Vladimir Putin visited a vast new gas project on August 3, 2017, that will reinforce his country’s prowess as a global energy power, just days after the US enacted yet tighter sanctions on Russia.
Taking time out from a brief fishing holiday in Siberia, Putin travelled to the Amur region in the Far East of the country where a huge industrial plant is being built to process gas for export by a new pipeline to China.
Looking relaxed and suntanned, Putin said the 42 billion cubic metres a year Amur facility was the biggest gas-processing plant ever built in Russia, even in Soviet times.
«This is a very powerful step not only for the development of the [gas] industry but for the development of the whole of the Far East of our country,» Putin said in an address to local Russian officials and industry leaders.
The Amur gas processing plant (GPP) is the centrepiece of a multibillion-dollar project that will see the development of a clutch of Siberian gas fields to feed a new export pipeline to China to help Russia access the world’s fastest-growing energy market and diversify its gas trade away from Europe.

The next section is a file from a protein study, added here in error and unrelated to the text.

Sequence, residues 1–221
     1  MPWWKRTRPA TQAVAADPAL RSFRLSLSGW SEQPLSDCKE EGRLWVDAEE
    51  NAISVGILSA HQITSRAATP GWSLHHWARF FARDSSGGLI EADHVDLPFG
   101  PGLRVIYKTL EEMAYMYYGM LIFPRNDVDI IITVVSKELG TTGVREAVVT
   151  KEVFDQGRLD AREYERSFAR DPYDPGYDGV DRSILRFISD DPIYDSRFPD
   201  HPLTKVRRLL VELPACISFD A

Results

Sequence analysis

Russia signed the 30-year gas export deal with China in May 2014 as western governments began imposing sanctions to punish the Kremlin for annexing Crimea.
Moscow and Beijing have increased trade and investment co-operation since then, with Chinese companies securing oil and gas deals that are the envy of their western counterparts.
US lawmakers voted to tighten Russia sanctions last week as politicians of all colours in Washington continued to fume over alleged Kremlin meddling in the presidential election that brought Donald Trump to power.
Mr. Putin’s visit to the Amur on Thursday appeared designed to signal that Russia was turning east for trade and investment and its flagship gas project would not be harmed by the tighter US sanctions regime.
To read the full article in Russian.